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Radiotherapy 'cuts prostate cancer death rate'

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Hundreds of lives a year could be saved in the UK if more prostate cancer patients are treated with radiotherapy, according to researchers.

A team of scientists led by Dr Matthew Sydes, from the Medical Research Council Clinical Trials Unit, studied 1,205 men with locally advanced cancers which had grown outside the prostate gland but not spread further. Their findings were published online by the Lancet medical journal.

A significant difference in fatality rates was recorded after half were treated with standard hormone therapy and the remainder with hormone therapy plus radiotherapy.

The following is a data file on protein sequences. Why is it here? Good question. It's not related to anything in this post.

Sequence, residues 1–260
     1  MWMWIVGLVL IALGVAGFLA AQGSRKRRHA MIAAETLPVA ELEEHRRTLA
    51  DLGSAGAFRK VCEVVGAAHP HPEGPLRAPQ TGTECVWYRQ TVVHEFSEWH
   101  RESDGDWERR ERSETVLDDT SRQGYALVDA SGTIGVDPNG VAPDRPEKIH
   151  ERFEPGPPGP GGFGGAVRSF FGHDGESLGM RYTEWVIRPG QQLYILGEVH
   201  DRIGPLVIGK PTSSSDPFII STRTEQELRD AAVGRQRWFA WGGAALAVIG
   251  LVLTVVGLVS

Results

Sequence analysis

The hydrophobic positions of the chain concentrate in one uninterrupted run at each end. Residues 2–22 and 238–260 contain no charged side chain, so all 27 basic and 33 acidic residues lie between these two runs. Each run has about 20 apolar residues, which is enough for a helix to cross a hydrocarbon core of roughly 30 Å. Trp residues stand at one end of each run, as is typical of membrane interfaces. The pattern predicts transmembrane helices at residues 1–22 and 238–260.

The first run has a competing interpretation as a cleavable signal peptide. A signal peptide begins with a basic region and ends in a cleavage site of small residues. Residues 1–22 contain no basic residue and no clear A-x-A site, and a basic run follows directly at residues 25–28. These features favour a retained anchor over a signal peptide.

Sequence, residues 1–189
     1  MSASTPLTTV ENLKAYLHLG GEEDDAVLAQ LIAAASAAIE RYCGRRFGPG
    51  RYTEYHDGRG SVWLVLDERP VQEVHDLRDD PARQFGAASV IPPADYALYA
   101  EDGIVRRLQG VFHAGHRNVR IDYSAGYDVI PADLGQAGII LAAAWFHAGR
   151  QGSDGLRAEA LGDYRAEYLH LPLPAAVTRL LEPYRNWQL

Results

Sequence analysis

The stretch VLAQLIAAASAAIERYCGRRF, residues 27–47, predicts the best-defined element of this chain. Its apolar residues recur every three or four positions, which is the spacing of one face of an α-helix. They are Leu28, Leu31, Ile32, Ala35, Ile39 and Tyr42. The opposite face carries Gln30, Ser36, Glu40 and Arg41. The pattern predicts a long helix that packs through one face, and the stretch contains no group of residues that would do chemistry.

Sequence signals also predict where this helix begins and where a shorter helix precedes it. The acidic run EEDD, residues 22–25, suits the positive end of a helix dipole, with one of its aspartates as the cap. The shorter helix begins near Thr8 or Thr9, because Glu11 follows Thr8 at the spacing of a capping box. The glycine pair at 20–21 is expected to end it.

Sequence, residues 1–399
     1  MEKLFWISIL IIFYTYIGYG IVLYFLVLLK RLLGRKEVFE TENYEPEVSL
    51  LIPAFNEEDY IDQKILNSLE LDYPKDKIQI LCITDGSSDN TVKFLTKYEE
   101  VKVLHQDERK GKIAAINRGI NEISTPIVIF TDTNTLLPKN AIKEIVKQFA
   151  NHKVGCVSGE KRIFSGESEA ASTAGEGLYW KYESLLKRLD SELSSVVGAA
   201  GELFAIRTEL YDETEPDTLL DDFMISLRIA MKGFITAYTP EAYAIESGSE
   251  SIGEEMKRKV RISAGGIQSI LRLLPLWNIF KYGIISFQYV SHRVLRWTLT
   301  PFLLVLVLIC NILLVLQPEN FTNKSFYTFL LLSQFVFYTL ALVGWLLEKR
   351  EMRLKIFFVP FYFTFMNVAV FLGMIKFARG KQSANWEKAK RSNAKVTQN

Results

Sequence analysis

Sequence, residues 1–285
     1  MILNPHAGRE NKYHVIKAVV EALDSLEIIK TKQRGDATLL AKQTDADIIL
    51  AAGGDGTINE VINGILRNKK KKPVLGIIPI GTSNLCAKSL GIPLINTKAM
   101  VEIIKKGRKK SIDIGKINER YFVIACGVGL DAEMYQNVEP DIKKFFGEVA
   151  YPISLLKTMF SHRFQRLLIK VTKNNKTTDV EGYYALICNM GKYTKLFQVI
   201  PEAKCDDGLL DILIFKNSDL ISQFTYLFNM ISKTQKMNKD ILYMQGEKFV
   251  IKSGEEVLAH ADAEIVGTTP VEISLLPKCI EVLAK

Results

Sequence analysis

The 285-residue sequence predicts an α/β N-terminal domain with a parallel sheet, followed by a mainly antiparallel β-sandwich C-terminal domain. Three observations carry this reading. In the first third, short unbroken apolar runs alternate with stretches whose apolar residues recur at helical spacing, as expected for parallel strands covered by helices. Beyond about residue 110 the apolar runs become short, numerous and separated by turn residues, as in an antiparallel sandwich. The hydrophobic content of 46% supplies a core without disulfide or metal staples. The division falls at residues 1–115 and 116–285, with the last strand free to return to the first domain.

Some 74% of the men given additional radiotherapy were still alive after seven years compared with 66% in the standard group.

About 38,000 UK men are diagnosed with prostate cancer annually, of whom 10,000 are likely to have locally advanced cancers. Each year 10,000 men die from the disease and the London-based team led calculates that hundreds of lives could be saved each year if all these men received radiotherapy in addition to hormone treatment.

Dr Sydes, who described the trial results as extremely encouraging, added: “The additional side-effects of radiotherapy are minimal.”

 

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